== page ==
How Roman Culture Changed Over Time

The Roman Empire was one of the most powerful and influential civilizations in world history. The ancient Romans made an enormous impact on western culture and society through their language, government, architecture, art, and religion. However, Roman culture was not static and unchanging, it evolved over time in response to various internal and external factors.

The Early Roman Republic (753 BC – 509 BC)

The Roman culture during the early republic period was characterized by a strong sense of civic duty and a deep reverence for ancestors and tradition. The patricians, Rome’s elite class, held most positions of authority in society and maintained their power through alliances with other wealthy families. Roman religion was also strongly influenced by these traditional values and was focused on the worship of ancestors and household gods.

The Late Republican Period (509 BC – 27 BC)

During the late republican period, Rome experienced significant societal changes that substantially impacted Roman culture. The rising power of merchants and land-owning plebeians allowed them to gain more political influence and challenge the domination of the patrician class. Rome also expanded its territories, which brought in new cultural influences from conquered peoples.

This period also saw a shift in Roman religion towards more Hellenistic beliefs and practices. The Roman Pantheon was expanded to include new gods and goddesses from Greece and other parts of the world. Art and architecture also changed during this time, with greater emphasis placed on public works and monumental structures such as aqueducts and amphitheaters.

The Roman Empire (27 BC – 476 AD)

With the establishment of the Roman Empire, the culture of Rome changed dramatically. The emperor became the ultimate authority in society, and there was a shift towards a more authoritarian government. Roman religion continued to evolve, with Christianity becoming a significant force during the empire’s later years.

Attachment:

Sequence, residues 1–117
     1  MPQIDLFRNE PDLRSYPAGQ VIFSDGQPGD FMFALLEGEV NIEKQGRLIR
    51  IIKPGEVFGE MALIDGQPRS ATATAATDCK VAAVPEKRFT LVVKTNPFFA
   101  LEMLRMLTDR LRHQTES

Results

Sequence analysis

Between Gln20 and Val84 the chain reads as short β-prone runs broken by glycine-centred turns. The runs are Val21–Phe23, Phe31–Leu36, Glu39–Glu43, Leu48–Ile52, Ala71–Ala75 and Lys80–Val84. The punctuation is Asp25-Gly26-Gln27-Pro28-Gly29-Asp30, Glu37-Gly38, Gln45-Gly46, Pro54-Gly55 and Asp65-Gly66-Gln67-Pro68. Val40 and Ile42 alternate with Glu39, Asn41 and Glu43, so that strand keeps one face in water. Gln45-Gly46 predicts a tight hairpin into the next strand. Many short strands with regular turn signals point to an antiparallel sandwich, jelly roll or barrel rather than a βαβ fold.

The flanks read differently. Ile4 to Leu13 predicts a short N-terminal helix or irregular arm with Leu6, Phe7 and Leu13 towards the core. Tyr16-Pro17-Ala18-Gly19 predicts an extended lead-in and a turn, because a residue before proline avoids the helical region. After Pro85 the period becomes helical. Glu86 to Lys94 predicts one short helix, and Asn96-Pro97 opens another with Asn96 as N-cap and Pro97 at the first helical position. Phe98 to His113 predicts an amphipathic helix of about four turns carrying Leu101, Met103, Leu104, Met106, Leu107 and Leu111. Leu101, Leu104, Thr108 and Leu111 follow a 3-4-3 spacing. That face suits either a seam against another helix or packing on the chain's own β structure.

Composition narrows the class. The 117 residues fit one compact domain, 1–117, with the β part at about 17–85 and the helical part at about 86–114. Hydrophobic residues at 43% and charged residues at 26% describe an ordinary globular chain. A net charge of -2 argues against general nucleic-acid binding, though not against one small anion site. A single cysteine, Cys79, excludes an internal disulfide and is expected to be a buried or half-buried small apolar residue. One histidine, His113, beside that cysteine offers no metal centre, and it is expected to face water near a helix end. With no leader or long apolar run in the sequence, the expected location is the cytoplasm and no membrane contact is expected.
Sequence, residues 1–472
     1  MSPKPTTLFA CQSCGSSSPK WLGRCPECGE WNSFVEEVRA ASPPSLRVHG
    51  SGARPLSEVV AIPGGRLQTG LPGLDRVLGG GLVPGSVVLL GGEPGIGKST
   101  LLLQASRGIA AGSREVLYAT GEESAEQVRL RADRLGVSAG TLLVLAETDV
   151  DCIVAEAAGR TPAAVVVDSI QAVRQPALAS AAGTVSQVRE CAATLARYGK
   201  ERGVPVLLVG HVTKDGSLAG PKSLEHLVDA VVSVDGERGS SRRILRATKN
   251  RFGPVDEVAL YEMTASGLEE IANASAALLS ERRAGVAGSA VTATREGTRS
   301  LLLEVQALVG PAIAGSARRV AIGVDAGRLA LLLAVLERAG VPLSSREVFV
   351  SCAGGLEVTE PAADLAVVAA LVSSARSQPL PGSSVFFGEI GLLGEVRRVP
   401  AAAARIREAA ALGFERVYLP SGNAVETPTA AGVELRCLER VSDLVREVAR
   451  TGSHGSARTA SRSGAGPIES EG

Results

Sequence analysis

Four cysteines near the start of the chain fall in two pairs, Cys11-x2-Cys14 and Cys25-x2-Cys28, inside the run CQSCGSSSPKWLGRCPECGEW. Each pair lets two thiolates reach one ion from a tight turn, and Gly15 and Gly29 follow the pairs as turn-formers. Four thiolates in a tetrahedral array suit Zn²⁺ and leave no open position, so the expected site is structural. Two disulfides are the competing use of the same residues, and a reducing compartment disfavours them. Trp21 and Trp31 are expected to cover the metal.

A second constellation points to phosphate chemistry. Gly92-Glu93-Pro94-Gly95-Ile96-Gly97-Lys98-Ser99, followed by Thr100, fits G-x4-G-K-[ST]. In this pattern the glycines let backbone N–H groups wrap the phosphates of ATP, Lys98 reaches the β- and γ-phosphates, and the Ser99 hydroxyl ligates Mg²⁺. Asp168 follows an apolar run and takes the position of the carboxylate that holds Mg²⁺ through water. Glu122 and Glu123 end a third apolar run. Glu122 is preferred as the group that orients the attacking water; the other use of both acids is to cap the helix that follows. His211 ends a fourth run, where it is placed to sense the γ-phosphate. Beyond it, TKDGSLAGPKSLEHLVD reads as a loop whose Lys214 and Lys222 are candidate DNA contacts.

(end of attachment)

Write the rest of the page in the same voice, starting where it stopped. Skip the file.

Art and architecture also saw significant changes under the Empire. Roman sculpture had a greater emphasis on realism, while monumental buildings such as the Colosseum and Pantheon became more prevalent. Latin continued to be the primary language of Roman culture, but Greek also remained important as a language of scholarship and culture.

The Fall of the Empire and Beyond (476 AD – Present)

The fall of the Western Roman Empire in 476 AD marked the end of an era in Roman culture. However, the impact of Roman civilization remained significant. Medieval Europe inherited many aspects of Roman culture, from law and government to art and architecture. Latin, the language of Rome, remained a language of learning and scholarship in Europe for centuries to come.

In modern times, the legacy of Roman culture is still evident in the Western world. Latin is still used in the sciences and the humanities, while Roman architecture continues to impress and inspire architects today. However, Roman culture was not perfect, and many of their ideas and practices have been rejected or improved upon over time.


In conclusion, Roman culture was not static and unchanging. It evolved and adapted over time in response to various internal and external factors, from political and societal changes to religious and cultural influences. The Roman Empire may have fallen, but its impact on Western culture and society has endured for centuries.

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